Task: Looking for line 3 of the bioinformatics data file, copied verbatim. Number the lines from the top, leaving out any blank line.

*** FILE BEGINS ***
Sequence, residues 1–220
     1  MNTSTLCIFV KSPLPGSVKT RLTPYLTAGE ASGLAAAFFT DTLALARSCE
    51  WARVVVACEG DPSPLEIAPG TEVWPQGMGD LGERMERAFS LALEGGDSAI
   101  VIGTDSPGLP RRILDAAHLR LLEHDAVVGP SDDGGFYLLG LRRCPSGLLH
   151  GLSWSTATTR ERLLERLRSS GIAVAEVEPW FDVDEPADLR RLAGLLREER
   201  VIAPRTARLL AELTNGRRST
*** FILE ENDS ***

    51  WARVVVACEG DPSPLEIAPG TEVWPQGMGD LGERMERAFS LALEGGDSAI